Opened last night in Houston, Texas is Goro and Gun [twitter], with a cocktail menu by Alexander Gregg.
I see: orange-salt bitters, piloncillo sugar, cookie milk, Botox.
Shoe Maker...........................$8 Genever, Old Tom , London Dry, Orange-Salt Bitters, Tonic (Restaurant slang for an individual who is particularly lazy, always looking for a shortcut, and trying to get away with shoe maker-y stuff)
The Lifer................................$8 Blended Scotch, Lemongrass, Bitter Lemon Soda (Service Industry slang for someone who has spent their entire career in the industry and likely will retire in the industry. Lifers often once had dreams of being musicians, designers, photographers, fine artists -and many still are, at least at heart.)
Short Timer...........................$8 Botanical Vodka, Cucumber Water, Lime, Agave Nectar (Short timers are employees who have put in their notice at their current job and generally quit giving a hoot, seeing the light at the end of the tunnel)
Line Cook................................$8 Bourbon, Tamarind Bitters, Ginger Brew (Line cooks are regularly the hardest working individuals in the building, and usually don’t make very much money even though they work ridiculously long hours in blisteringly hot kitchens. To spot one look for scars from knives and burns and a glass of bourbon)
S.A............................................$8 Tequila, Grapefruit Soda, Lavender Bitters, Lime, Piloncillo (Server assistants, often called SA’s , are the line cooks of the foh- they do the unglamorous jobs: run food, bus tables, fill waters, etc. They are an integral part of restaurant operations. Next time you encounter one, thank him/ her for making service happen)
Here We Are Now......................$9 (Entertain Us) New western dry Gin, Lemongrass, Lemon, Peychaud’s, Soda
Life is beautiful ....................$12 Antica Carpano, Aquavit, Lemon, Orgeat, Egg White, Fernet
Recently on Facebook, I was engaged in a mostly-healthy debate about giving recipe credit on cocktail menus.
Rye's cocktail menu from 2007
When we see a classic cocktail section of a cocktail menu, we know that the drinks in that section have not been invented in-house. But some cocktail menus are a single list of both classics and house creations, and that's where things get complicated.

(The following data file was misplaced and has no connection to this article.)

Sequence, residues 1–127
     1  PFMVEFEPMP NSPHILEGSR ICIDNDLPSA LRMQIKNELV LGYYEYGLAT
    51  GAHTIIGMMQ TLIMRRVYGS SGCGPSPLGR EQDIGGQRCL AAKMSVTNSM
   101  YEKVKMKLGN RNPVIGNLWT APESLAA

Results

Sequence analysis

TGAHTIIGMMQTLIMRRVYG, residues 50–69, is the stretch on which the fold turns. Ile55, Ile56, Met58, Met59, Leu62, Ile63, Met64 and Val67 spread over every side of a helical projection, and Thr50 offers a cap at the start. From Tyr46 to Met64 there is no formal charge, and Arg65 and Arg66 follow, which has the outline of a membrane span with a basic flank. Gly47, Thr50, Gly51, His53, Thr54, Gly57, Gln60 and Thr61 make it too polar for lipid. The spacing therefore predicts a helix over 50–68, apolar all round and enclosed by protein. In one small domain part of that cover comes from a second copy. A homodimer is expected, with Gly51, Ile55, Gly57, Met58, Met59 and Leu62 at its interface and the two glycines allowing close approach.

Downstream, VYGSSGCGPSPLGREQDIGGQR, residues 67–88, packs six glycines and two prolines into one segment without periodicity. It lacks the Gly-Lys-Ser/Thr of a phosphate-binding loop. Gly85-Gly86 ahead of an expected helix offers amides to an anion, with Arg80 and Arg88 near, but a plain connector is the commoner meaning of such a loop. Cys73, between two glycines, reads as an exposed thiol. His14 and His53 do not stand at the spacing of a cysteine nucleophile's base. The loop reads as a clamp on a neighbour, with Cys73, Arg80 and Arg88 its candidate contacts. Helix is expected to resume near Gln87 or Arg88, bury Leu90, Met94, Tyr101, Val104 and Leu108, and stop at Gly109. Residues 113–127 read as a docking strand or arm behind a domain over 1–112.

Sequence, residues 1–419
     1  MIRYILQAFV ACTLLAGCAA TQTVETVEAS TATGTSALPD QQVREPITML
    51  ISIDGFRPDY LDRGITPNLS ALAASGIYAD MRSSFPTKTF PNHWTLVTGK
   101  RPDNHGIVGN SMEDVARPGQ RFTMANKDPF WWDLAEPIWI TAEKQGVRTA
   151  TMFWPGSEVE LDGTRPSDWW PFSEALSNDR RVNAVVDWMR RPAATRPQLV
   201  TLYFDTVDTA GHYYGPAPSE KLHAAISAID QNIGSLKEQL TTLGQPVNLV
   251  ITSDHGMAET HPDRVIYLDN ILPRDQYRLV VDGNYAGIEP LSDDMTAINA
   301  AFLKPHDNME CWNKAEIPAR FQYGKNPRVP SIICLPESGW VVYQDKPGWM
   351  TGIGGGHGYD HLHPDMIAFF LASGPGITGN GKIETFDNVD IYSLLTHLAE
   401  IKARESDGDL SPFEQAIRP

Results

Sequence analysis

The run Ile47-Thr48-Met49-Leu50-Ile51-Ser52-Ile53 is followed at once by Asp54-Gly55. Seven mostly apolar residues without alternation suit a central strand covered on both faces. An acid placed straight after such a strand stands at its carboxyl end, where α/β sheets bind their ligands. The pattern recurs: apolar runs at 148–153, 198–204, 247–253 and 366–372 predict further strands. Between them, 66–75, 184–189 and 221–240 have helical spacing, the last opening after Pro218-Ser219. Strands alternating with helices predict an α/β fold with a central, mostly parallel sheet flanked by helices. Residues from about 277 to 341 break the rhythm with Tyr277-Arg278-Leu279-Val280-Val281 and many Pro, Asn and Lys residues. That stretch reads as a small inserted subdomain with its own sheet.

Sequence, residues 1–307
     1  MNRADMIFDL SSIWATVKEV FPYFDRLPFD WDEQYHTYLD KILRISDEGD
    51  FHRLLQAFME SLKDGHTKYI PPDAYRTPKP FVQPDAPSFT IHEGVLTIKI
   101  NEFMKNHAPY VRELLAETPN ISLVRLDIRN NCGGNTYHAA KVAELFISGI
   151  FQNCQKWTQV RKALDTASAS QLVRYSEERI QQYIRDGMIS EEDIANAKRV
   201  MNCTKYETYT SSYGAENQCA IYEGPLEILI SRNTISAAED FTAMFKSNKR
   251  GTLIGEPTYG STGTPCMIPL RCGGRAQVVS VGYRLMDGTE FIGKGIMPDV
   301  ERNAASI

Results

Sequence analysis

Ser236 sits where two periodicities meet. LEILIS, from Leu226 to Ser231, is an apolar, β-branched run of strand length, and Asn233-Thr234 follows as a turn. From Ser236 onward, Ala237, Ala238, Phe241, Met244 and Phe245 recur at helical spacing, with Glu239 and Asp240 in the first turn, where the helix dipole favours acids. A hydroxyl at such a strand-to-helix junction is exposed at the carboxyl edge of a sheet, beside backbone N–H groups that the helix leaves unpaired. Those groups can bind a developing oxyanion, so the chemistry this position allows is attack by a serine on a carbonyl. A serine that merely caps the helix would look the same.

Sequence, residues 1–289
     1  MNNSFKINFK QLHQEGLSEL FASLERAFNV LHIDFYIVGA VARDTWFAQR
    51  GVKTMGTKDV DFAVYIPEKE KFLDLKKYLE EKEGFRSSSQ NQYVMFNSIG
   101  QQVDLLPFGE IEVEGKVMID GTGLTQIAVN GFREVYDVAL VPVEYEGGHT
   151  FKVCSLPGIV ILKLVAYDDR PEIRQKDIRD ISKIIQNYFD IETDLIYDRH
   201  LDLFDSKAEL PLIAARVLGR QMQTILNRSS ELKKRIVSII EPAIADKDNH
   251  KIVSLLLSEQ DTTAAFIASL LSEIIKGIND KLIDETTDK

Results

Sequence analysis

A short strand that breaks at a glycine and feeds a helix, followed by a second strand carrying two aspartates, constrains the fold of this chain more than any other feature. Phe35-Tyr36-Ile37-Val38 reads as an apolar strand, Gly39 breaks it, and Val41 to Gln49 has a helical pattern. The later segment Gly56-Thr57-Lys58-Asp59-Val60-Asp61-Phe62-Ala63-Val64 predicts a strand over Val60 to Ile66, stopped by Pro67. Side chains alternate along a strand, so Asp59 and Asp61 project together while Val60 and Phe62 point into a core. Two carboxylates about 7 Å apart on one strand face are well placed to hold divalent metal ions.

I have seen many cocktail menus that list modern classic cocktails like the Penicillin by Sam Ross and the Old Cuban by Audrey Saunders with no mention of the drink creators' names. When the cocktail menu is divided into sections indicating modern or vintage classics vs. house creations, even people who have never heard of the modern classics would have a clear indication that the drink comes from elsewhere even if the cocktail is uncredited. But when a lesser-known drink is mixed in with house recipes, it is easy for a customer to assume that the drink was created on-site.
Say a cocktail menu lists the following drinks: Martini, Bijou, Red Hook, Lynchburg Buck, Window Washer. Some of those drinks are house creations, some are vintage classics, one is a derivation of a classic, and one is a modern classic. But without the menu indicating which are which, the customer could easily assume that most of the drinks on the menu are made in house. In this case, does the bartender have an obligation to credit each recipe, lest it appear that he is claiming that those recipes are his own creations?
Last year, a restaurant publicist forwarded me some house cocktail recipes after I requested some for a story I was writing. Included among them was a recipe for a modern classic from their menu. I quickly informed her that it was not a house creation, but the fact that even the publicist for the restaurant couldn't tell which recipes were house creations and which were originals was a bad sign.
Had I published that modern classic recipe and credited the bartender who put it on the menu rather than the drink's creator, not only would I get called out as a dummy, the original drink's creator could be justifiably mad that someone else was taking credit for his cocktail.
This was actually the case at another cocktail bar: the menu was a mix of modern classic and house originals, with no indication of which was which. The drinks' creators heard about this menu and were nonplussed. The menu was later revised and now credits drinks not created in house with the bartenders' names, while the house creations are uncredited.
As the debate on Facebook went on, some people argued that the original drink's creators could always be found thanks to the internet, so it isn't neccesary to put everyone's name on every drink and clog up space on the menu.
My counter-argument is: Look at the Cosmopolitan. We often credit three people now: the drink's creator, the person who refined the recipe to its modern form, and the person who did the most to popularize it. But for most of the past 30 years, credit has been given to the person who made it popular. It just took two decades to sort that out.